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Giving an Oral Presentation

It is now common to give an oral presentation as part of your coursework, and if you move into a scientific career you’ll almost certainly present the results of your research at national and international conferences. It’s good to have a few nerves before you present, but the more practice you gain the less nervous you’ll be.


Think about the objective of your presentation. Are you trying to inform the audience about a particular topic or present the results of your research?

Think about your audience and their background knowledge about the topic. Who are your audience? Are they likely to have a thorough background knowledge of your topic?  How can you engage and enthuse your audience?

Research material for your presentation. Having background knowledge on the subject can help you feel more confident.

Make sure you stay within your time limit. This becomes particularly important when the presentation is assessed as part of your degree or is a component in a job application.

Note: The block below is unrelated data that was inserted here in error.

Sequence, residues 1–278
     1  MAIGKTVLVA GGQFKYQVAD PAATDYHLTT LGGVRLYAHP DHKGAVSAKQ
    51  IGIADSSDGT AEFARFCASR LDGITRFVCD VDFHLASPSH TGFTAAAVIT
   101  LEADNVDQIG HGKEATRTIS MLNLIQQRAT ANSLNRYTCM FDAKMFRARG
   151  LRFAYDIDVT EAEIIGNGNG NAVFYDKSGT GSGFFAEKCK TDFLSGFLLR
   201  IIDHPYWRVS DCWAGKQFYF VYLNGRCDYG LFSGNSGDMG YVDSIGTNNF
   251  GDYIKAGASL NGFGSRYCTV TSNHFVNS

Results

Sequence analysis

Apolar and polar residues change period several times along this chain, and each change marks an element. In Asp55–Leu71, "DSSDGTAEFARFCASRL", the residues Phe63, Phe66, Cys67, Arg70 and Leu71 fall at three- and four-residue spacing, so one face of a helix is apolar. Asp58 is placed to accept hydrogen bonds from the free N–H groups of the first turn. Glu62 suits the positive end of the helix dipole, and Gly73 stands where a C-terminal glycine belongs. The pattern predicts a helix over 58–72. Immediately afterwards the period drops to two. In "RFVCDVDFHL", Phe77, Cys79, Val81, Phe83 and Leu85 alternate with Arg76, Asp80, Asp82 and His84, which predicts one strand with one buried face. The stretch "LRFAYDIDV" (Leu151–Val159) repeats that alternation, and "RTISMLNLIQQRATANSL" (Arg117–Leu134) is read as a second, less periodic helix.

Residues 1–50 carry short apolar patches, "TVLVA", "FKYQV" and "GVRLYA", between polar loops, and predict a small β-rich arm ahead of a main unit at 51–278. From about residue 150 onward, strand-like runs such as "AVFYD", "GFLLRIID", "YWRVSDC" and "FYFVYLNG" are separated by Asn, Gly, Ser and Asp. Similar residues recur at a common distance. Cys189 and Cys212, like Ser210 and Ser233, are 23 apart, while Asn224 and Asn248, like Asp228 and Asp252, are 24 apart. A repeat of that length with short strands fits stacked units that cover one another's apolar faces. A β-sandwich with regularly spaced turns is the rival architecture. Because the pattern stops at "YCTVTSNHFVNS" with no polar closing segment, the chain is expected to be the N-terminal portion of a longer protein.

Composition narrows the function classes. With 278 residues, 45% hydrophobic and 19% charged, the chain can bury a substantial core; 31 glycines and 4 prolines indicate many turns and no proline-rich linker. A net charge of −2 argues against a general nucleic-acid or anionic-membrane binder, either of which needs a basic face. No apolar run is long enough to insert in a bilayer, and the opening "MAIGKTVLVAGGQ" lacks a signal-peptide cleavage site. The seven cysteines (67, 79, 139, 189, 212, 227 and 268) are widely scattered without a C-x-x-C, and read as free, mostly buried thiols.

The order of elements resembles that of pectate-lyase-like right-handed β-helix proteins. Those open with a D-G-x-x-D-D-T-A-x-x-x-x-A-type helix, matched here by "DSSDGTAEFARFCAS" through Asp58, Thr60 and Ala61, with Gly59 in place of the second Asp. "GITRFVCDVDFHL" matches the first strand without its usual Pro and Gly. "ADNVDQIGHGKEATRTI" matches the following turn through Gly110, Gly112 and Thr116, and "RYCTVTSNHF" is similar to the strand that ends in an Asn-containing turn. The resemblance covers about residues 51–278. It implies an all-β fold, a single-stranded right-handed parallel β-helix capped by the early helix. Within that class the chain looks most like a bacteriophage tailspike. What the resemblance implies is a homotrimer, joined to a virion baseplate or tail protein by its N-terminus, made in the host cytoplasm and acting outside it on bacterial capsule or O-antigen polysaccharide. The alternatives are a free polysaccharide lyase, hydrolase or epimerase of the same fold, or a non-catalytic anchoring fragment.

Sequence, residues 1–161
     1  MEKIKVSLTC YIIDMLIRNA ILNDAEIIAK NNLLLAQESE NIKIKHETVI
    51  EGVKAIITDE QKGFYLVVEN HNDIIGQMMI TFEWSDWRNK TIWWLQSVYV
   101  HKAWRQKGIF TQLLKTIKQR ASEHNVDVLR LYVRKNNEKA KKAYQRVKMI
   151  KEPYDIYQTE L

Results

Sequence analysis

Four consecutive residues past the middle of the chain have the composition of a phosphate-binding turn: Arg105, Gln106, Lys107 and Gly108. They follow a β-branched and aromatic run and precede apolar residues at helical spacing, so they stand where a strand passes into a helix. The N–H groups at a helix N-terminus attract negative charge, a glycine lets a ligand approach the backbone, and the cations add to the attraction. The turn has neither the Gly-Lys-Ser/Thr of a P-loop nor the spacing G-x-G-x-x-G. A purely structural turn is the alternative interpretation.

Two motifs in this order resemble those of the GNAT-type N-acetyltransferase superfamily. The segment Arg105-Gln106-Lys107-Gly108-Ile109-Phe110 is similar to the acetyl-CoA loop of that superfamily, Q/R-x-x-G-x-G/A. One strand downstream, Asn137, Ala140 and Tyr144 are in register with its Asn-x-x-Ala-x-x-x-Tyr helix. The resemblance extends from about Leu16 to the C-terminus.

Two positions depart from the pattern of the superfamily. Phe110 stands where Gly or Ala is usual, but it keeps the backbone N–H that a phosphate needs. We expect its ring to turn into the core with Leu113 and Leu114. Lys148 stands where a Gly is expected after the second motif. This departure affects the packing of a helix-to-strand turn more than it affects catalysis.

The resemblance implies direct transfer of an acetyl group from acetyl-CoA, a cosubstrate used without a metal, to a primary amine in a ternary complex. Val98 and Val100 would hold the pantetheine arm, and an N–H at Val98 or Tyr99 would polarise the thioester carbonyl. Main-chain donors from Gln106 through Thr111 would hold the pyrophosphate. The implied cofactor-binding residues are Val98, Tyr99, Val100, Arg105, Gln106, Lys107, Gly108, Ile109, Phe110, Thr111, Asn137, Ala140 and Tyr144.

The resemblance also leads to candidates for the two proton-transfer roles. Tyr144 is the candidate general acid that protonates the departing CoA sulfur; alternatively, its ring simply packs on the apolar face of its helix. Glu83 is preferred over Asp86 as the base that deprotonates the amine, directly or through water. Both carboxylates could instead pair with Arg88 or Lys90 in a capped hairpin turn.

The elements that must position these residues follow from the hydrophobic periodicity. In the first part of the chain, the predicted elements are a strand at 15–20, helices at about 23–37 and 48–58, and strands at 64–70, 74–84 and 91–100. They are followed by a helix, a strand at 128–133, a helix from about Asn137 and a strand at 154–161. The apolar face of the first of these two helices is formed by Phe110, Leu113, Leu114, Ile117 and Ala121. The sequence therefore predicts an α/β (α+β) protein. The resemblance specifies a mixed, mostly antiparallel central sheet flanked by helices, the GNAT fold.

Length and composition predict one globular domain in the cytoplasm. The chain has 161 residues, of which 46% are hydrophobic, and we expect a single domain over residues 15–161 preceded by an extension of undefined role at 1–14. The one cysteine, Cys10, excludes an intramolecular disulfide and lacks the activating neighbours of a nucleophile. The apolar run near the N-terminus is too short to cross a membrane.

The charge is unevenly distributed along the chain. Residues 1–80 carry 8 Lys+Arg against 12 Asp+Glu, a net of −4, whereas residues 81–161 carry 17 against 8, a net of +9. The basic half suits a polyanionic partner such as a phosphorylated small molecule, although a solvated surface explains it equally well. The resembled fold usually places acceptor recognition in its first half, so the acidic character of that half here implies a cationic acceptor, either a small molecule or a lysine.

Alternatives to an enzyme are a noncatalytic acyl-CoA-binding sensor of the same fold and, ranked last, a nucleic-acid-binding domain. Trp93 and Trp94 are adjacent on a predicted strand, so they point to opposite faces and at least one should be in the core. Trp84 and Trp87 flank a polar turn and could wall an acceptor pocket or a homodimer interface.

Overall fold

Summarize your material into major points.
Prepare your visual aids well in advance. Try to avoid putting whole sentences on your visual aids – use bullet points.

Have a clear, organized structure. Include an introduction, body, and conclusion, and think about how these sections will be linked smoothly in your talk.

Rehearse your presentation many times until you get it right. The more you rehearse the more confident and less nervous you'll become. Try to practice at least once in the room you're presenting in, so you can gauge how loud you should talk. Ideally, practice in front of a friend and get them to note down any questions they've thought about so you can prepare a few answers.


Talk to your audience, don’t read to them. Avoid reading word for word from notes, but talk around the bullet points on your visual aids, or use cards as an aide memoir.

Speak clearly but with enthusiasm. If you want your audience to be interested in your topic, you must show interest yourself.

Make eye contact with your audience.
Be aware of how they are reacting, and check if they are still with you. Avoid staring at one person for the entirety of your presentation though – it can be unnerving!

Be prepared to answer questions from your audience.  Repeat back any questions that you are asked to make sure you have understood and that others in the audience have heard. Don’t be drawn into an argument with your audience.

If you find that your mind has gone blank because of nervousness. Ask for a moment to gather your thoughts and take a drink of water. You won’t be the first person this has happened to and you certainly won’t be the last.

Adapted with the permission of SOAR,
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